“Trade finance is collapsing”

…said Victor K. Fung, the chairman of the Li & Fung Group, the giant supply chain management company that connects factories in China with retailers in the United States and Europe. “We’ve got orders we can’t ship right now.”

Source: “As Trade Slows, China Rethinks Its Growth Strategy,” NYT Jan 1, 2009.


The graph from the article shows the nature of the dropoff, even taking into account the volatility in the month-to-month figures:


china_exports.gif

This further supports the view that trade financing is a substantial constraint to trade. [1]

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7 thoughts on ““Trade finance is collapsing”

  1. Farrar

    I’m curious as to the details as to how this happening. The absence of details in fact makes me a bit skeptical. For example, Reuters, who should know better, printed the following as quoted in your previous article:

    Chinese banks have been very nervous about accepting letters of credit from abroad, making it tougher for imports to China to get the needed financing.

    This is nonsense, because letters of credit from abroad finance Chinese exports, not their imports.
    The details would be more informative. For example, what proportion of exporters who used to sell on open account are now demanding letters of credit? Do exporters who used to accept foreign banks’ letters of credit now demand that they be confirmed by local banks? Such extra precautions would of course tie up credit lines and make trade more expensive.
    But I can’t imagine Chinese exporters demanding bank letters of credit from companies like Walmart.
    Also we are told that a big portion of international trade is between subs of multinationals, and I can’t imagine their being afraid of open accounts.
    So I wonder how big a factor this REALLY is.

  2. Mark

    “Chinese banks have been very nervous about accepting letters of credit from abroad, making it tougher for imports to China to get the needed financing.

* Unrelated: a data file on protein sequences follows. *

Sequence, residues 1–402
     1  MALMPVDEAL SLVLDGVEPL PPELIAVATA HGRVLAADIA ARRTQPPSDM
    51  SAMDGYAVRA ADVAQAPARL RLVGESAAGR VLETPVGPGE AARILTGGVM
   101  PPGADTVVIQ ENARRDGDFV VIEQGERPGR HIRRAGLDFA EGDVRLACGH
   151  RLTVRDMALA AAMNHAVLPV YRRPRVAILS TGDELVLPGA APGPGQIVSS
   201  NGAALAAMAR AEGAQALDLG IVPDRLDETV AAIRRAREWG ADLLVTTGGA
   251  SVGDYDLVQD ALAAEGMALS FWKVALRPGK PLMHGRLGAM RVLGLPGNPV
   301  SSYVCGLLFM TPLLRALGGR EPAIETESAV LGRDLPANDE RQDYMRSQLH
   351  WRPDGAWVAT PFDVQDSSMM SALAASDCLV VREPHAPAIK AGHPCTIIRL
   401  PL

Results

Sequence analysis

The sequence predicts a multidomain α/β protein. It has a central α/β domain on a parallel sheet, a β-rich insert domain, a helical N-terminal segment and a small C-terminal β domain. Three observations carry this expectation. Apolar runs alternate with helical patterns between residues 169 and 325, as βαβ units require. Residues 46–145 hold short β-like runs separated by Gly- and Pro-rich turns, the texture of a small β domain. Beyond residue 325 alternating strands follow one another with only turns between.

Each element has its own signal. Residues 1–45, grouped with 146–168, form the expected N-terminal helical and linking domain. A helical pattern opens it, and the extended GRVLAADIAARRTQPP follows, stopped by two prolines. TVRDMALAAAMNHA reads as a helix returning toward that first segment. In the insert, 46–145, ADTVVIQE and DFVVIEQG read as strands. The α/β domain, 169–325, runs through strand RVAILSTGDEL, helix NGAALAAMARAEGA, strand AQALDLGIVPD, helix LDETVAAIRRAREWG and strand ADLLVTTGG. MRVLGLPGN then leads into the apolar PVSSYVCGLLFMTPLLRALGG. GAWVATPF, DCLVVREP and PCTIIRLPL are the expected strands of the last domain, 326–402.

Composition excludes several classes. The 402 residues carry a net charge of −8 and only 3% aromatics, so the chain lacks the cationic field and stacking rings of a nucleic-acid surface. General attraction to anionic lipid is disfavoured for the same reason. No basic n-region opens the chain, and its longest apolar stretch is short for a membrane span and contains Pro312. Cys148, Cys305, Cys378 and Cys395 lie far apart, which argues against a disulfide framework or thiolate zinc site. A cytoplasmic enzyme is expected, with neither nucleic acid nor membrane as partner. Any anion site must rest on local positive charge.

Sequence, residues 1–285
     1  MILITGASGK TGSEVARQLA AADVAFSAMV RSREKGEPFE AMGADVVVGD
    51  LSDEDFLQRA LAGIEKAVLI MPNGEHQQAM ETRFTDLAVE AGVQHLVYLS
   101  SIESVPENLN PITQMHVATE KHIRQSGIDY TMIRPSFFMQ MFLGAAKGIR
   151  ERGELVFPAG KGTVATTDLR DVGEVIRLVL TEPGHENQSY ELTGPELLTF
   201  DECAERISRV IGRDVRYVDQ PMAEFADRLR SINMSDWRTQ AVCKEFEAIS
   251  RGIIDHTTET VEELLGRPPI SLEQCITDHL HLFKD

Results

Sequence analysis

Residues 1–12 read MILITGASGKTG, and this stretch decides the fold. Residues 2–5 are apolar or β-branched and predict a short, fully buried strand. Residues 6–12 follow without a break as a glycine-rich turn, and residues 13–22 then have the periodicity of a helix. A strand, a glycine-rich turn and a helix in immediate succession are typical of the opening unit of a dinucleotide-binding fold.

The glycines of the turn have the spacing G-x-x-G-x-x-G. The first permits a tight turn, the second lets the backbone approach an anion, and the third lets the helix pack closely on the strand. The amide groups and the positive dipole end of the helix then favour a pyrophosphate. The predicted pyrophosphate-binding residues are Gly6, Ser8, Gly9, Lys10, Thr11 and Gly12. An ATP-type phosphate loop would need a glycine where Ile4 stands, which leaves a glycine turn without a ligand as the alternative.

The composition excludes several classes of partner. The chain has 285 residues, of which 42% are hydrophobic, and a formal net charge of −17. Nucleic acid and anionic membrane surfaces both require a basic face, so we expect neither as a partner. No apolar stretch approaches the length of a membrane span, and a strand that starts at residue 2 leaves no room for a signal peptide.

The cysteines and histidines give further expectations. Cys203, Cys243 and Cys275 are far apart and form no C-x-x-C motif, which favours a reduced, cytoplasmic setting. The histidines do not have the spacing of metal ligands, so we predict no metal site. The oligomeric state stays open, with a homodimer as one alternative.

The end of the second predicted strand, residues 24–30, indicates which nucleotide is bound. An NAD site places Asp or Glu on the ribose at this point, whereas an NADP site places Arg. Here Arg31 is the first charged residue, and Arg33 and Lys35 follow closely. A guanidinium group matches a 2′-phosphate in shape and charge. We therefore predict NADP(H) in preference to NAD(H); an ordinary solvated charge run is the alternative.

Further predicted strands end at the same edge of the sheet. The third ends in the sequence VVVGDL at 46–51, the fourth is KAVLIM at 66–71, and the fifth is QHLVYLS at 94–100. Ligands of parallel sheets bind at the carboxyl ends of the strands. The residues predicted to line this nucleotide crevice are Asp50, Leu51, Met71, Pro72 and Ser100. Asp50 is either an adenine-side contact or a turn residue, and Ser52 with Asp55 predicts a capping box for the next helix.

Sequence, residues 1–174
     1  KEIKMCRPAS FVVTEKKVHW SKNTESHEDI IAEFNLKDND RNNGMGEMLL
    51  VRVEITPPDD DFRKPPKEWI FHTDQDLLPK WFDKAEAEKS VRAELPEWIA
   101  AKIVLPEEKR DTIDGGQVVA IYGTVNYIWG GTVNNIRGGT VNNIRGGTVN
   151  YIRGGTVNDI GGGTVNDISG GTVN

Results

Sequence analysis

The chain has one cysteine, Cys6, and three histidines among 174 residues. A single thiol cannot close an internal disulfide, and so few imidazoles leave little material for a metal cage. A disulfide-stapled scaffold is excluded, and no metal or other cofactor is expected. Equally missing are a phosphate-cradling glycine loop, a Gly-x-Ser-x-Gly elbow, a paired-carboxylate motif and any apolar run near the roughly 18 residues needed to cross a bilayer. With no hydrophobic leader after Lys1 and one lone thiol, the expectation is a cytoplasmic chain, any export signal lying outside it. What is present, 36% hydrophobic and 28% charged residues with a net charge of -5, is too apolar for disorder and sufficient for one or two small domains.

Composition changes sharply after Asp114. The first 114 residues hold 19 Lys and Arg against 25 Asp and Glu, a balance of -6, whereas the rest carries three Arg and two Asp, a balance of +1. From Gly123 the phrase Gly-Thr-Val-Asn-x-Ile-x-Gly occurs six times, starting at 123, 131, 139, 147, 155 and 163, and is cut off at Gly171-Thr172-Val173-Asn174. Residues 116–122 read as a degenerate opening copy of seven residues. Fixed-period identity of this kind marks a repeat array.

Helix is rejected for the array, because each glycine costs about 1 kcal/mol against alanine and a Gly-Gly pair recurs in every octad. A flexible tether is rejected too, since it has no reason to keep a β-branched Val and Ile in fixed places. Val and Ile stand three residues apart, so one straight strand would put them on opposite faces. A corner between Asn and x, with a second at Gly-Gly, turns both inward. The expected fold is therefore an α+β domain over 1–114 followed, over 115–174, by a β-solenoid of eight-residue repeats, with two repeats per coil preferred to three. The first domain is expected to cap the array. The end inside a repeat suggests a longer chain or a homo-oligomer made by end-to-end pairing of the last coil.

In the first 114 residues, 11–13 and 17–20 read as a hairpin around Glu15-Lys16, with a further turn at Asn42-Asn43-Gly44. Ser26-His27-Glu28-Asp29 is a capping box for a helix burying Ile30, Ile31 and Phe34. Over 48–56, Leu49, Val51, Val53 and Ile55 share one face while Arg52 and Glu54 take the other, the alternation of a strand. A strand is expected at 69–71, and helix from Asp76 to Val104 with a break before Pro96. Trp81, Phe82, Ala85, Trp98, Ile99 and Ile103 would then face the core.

This is nonsense, because letters of credit from abroad finance Chinese exports, not their imports.”
    Probably not non-sense, actually. Banks often confirm LCs of foreign banks and then lend their clients money against the LC proceeds to produce the goods or for general working capital. In normal times LC proceeds are great collateral. Similarly, even clients who don’t need to borrow will often not take the shipment risk on a foreign buyer’s bank without a confirmation. Confirmation lines are also the easiest exposures for risk managers to cut when they are trying to reduce country limits. So the banks unwillingness to take foreign bank risk is a very real impediment to trade.

  3. Journeyman

    this is also contrary to the recent ISM report for CHINA. The main reason for ISM(PMI) to go up was the increase in export orders. Yes there is a marked decline in export and trade finance is also collapsing but signs of revival in exports are appearing. The thing to understand is whether this revival is a result of substitution by chinese goods or a general improvement in demand for chinese goods

  4. Lord

    One does wonder how much of this is due to retailer troubles here. Walmart may not be in trouble, but most others are.

  5. chale Espinosa

    Another reason may be that when the foreign ask the chinese banks to confirm the L/C, the confirming bank may not want to take on the credit risk of the opening bank. May be the chinese banks extended pre export financing ie: working capital to the chinese supplier based on getting paid when documents were presented against the L/C.

  6. El Presidente

    “But I can’t imagine Chinese exporters demanding bank letters of credit from companies like Walmart.
    Also we are told that a big portion of international trade is between subs of multinationals, and I can’t imagine their being afraid of open accounts.”
    -Farrar
    Farrar, Walmart and the other multinationals depend on in country distributors for a lot of their stock and not the original equipment manufacturers overseas. To get your merchandise into WalMart, a Chinese company might have to get in bed with an American company whose only benefit or function was the fact that they sold to WalMart. That company (unlike WalMart) might, and indeed, they often do, operate on a shoestring and frequently run into difficulties.

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